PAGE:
In Afghanistan in 2016, more than 60 percent of the 1-year olds have received most of the vaccines as listed by WHO[1]: BCG (Tuberculosis): 74 percent, DTP3 (Diphtheria tetanus toxoid and pertussis): 65 percent, HepB3 (Hepatitis B): 65 percent, Hib3 (Haemophilus influenzae type b): 65 percent, MCV1 (Measles, 1st dose): 62 percent, PAB (Neonatal tetanus): 65 percent, PCV3 (Pneumococcal conjugate): 65 percent and Pol3 (Polio): 60 percent. Only MCV2 (the second shot against measles which brings immunity from 95 to 99.99 percent) is lower, at 39 percent, which is the case in many countries on Level 1. None of these vaccines existed when Sweden was on Level 1 or 2, which is part of the reason lives were shorter in Sweden back then.

Pages 60–63. Graphs: 32 Improvements.

The data behind each of the 32 line charts on pages 60–63, together with detailed documentation of how the many sources were used, can be found here:

Page 60. Graph: Legal slavery.

For detailed documentation and data behind this graph, visit:

The date used for abolishment is the earliest recorded year when the country either signed one of the UN treaties condemning slavery and/or forced labour of all citizens and guest workers, usually its one of ILO[1] from 1930 or ILO[2] from 1957, but some countries signing the UN Slavery Convention in Geneva already in 1926. At the time of signing these international agreements, many countries already had a law or constitution i place banning slavery. REading all laws and constitutions is a very time consuming task. Fortunately this task was already undertaken by Dr. Jean Allain and Dr. Marie Lynch at the School of Law, Queen’s University in Belfast in Northern Ireland. And they made the result freely available as an online database for Slavery in Domestic Legislation. We went over their webpages with with excerpts from domestic law and constitutions for all 193 UN-members and gathered the dates where legal slavery and forced labor was made illegal (see SDL among the sources of the book). In addition to official UN documents and constitutions we rely partly on Pinker (2011) and Wikipedia[1]. Official abolishment in most cases doesn’t mean that slavery disappears in practice.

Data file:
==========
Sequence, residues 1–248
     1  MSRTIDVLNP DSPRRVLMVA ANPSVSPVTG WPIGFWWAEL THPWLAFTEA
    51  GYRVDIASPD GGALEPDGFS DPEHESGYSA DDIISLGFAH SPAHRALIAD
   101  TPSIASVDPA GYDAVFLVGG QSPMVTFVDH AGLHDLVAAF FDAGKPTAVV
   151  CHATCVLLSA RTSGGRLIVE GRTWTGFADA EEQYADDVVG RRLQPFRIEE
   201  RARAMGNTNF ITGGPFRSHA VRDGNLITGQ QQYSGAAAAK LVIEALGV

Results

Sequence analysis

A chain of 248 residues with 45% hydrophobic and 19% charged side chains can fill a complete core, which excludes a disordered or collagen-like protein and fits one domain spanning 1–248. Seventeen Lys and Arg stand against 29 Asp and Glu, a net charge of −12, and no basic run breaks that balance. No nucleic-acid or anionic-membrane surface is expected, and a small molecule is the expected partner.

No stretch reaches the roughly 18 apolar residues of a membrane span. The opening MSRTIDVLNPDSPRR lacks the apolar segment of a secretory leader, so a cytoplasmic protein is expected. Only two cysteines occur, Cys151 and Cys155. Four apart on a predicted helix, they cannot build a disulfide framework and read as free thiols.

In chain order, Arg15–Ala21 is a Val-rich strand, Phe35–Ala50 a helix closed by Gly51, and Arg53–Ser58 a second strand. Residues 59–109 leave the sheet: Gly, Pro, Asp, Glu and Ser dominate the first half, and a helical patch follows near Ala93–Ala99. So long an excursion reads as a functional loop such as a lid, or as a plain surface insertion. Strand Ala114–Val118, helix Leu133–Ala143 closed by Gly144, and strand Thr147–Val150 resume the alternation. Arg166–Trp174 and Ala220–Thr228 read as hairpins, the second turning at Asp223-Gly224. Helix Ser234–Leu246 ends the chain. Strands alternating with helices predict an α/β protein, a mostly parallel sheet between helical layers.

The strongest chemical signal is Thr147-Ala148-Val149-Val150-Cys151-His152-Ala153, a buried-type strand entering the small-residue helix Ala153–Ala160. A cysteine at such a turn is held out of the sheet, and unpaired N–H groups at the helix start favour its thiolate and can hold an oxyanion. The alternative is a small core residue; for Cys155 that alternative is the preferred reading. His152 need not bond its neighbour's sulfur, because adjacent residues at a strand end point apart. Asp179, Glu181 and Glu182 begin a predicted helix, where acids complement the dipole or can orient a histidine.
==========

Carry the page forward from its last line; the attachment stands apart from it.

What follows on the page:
In many countries law enforcement is still not taking sufficient action to make sure the law is followed to end the remaining slavery. But that’s a different question. Here we only count the fact that the law is in place, which is definitely a step in the right direction compared to slavery being legal. In principle, all countries have abolished slavery, but we have decided to exclude three countries even if their constitution and law make forced labor illegal. It would just be too hypocritical to classify them as officially condemn slavery, when there are strong evidence that the government itself is actively using forced labour. Those are: Turkmenistan and Uzbekistan where ILO’s investigators are not getting full insight (see ILO[3,4]) and journalists report forced labour in state owned cotton industry, see North Korea’s constitution makes slavery illegal, but in practice ILO[5] has little or no insight into this in reality. Reports from witnesses who have escaped the labor camps give no reason to believe that the current government is following its own constitution.